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Cardiovascular disease that can lead to death; tends to be ‘hereditary’!

Maintaining a healthy lifestyle is of utmost significance, but there are many things people may do to improve their heart health. Along with that, there has to be a lot of knowledge on how to maintain the heart operating in a healthy way and the warning signs and symptoms to look out for.

It is important for people to be aware that an uncommon condition termed ‘amyloid cardiomyopathy,’ sometimes known as ‘cardiac amyloidosis,’ can be fatal. According to Dr. Jamshed Dalal, director of cardiac sciences at Kokilaben Dhirubhai Ambani Hospital in Mumbai, ‘it is a disorder where faulty proteins accumulate in the heart; heart failure comes from its inability to function properly owing to this protein build-up’.

Cardiac amyloidosis can be caused by a number of different things, says the doctor. Some people are born with it, while others may get it independently or as a result of another illness. Some people inherit it from their parents. Though the majority of its types may be controlled and treated, cardiac amyloidosis cannot be healed.

Two categories of cardiomyopathy

1. Dilated cardiomyopathy, which causes the heart’s blood pumping chambers to weaken, expand, and dilate, resulting in poor heart pumping.

2. Hypertrophic cardiomyopathy, in which the heart muscle swells, tightens, and loses some of its capacity to accept blood. Amyloidosis is the cause of a highly particular kind of hypertrophic cardiomyopathy. Transthyretin amyloid cardiomyopathy (ATTR-CM), according to Dr. Dalal, is a ‘rare but severe example of transthyretin fibrils piling up in the heart muscles,’¬†which can cause hypertrophic or restrictive cardiomyopathy.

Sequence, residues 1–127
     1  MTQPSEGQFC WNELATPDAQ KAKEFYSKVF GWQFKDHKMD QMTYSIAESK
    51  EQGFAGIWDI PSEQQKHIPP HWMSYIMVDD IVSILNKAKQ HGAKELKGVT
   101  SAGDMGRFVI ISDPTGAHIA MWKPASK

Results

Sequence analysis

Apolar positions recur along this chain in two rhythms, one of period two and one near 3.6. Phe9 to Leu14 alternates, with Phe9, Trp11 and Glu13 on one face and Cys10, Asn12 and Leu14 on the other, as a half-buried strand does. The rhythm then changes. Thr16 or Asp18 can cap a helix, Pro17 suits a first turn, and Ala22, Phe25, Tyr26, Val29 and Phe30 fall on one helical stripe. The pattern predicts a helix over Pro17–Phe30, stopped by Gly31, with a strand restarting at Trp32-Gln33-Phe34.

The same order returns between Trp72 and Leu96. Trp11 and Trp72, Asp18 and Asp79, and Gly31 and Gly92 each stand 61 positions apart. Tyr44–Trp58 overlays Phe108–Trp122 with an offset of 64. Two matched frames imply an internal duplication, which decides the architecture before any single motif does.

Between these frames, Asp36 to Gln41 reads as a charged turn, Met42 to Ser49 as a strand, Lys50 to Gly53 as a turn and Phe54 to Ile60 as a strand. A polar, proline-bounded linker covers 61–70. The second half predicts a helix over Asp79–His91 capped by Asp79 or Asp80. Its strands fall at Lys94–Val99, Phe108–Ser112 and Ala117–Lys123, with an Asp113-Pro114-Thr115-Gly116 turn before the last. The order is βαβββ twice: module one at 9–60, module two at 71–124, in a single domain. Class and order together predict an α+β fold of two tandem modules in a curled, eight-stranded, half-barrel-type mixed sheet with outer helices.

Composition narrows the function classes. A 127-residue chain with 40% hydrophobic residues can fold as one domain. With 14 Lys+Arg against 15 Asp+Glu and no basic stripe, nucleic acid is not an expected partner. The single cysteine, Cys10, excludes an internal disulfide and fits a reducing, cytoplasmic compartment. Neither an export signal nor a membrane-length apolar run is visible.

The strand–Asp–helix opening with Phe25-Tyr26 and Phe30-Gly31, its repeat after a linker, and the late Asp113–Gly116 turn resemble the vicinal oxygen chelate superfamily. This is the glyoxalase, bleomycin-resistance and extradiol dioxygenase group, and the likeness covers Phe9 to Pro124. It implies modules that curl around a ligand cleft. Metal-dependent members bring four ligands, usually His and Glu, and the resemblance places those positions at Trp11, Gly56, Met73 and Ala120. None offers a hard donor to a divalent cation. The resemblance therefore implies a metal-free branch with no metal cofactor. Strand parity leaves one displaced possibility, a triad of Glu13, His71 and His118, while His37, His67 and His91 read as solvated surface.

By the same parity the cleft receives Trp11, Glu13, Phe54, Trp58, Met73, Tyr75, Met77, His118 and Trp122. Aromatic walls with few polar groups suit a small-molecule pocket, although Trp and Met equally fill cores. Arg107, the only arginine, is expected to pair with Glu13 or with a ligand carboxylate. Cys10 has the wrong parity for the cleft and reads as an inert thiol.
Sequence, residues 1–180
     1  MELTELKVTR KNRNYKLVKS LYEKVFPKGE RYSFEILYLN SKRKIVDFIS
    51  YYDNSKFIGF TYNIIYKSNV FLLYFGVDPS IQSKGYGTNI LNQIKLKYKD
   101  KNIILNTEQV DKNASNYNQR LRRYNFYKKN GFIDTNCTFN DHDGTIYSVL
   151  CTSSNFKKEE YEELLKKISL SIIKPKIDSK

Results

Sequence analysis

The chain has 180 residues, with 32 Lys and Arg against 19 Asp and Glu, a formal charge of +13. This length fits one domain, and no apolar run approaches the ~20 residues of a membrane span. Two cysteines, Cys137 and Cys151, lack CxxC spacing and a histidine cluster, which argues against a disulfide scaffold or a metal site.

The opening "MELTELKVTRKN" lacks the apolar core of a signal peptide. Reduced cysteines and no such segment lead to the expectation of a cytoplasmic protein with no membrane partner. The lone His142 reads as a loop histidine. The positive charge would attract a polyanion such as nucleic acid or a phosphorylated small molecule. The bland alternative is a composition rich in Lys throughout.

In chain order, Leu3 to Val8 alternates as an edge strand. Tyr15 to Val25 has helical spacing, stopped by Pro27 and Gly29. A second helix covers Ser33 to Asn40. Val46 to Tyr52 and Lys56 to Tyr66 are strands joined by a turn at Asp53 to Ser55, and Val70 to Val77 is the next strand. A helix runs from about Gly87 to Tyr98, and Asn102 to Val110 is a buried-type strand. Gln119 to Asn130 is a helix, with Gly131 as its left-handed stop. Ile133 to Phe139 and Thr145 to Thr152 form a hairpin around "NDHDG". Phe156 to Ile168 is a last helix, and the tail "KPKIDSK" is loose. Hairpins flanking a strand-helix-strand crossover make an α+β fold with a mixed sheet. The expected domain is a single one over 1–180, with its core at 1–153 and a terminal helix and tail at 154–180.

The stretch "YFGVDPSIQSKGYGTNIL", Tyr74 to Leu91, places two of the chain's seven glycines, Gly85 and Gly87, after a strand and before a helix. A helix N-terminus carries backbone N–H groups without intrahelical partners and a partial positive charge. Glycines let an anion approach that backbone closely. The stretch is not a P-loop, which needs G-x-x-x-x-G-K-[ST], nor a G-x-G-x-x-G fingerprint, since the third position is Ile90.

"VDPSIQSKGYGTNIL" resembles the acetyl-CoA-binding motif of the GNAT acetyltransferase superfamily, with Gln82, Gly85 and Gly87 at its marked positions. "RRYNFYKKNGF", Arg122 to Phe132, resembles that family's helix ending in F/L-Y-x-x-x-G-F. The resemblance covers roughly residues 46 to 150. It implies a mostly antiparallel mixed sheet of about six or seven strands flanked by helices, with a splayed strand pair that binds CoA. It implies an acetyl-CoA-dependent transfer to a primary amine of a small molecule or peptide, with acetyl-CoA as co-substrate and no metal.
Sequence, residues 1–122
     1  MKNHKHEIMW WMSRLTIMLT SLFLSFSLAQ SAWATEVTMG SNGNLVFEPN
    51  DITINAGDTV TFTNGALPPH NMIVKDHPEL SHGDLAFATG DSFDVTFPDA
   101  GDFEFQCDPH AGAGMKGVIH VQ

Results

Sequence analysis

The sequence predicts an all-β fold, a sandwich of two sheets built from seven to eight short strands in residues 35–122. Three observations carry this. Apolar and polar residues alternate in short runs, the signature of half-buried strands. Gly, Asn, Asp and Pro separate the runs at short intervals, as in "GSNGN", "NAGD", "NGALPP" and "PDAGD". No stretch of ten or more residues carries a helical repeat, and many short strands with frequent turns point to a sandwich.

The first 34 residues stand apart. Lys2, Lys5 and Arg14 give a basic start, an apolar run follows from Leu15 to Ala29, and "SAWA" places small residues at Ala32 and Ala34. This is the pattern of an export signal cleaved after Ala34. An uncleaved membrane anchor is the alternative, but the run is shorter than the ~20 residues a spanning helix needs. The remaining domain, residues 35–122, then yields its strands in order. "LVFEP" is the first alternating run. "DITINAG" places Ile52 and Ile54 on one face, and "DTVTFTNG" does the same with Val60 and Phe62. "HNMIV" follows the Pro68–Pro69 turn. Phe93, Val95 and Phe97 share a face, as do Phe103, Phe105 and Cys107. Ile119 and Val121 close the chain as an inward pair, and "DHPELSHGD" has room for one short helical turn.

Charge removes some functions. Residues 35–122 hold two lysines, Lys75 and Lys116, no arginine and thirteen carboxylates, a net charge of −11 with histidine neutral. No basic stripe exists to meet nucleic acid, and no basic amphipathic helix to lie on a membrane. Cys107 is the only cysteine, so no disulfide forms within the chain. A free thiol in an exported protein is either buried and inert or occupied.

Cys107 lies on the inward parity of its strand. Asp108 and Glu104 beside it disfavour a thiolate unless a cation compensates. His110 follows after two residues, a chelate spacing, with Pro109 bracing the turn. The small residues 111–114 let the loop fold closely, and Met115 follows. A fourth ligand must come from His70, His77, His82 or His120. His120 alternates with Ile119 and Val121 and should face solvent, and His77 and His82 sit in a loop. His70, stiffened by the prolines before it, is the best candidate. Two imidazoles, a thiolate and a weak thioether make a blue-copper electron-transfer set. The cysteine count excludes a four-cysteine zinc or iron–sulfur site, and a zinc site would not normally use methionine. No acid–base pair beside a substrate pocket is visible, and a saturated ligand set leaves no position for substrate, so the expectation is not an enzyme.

‘Transthyretin is a particular protein that circulates vitamin A and thyroxine hormone in the body, which are vital for maintaining muscle function and other systems. Transthyretin amyloid cardiomyopathy can cause the heart’s pace and rhythm to change, as well as cause new or worsening heart failure’, according to the expert. This makes early diagnosis of it crucial.

The expert explains that while most cardiologists are aware of amyloid cardiomyopathy, transthyretin amyloid cardiomyopathy detection is frequently overlooked because of its rarity and diagnostic challenges. ‘ Amyloid cardiomyopathy affects 15% of individuals with hypertrophic cardiomyopathy. Physicians must now be on the lookout for transthyretin amyloid cardiomyopathy’. Dr. Dalal warns that this uncommon cardiac condition is frequently associated to young individuals and those who have carpal tunnel syndrome.

How is it discovered?
He claims that ‘ECG frequently provides a hint, and 2D echocardiography reveals characteristics of hypertrophic cardiomyopathy; cardiac MRI sheds more information’.¬†However, the most reliable test for identifying this uncommon type of cardiac amyloidosis is the pyrophosphate (PYP) nuclear scan. A special camera picks up the radioactive tracers that provide a 3D picture of the heart anatomy during this test, which is accessible in many hospitals and lasts for about an hour or two.

‘Without early detection and treatment, irreversible damage is possible and people often die within three years of the disease. Treatment of cardiac amyloidosis requires a multidisciplinary approach with a specialised inter-professional team of experts in cardiology, hematology, radiology and nuclear medicine,’ the doctor concludes.

 

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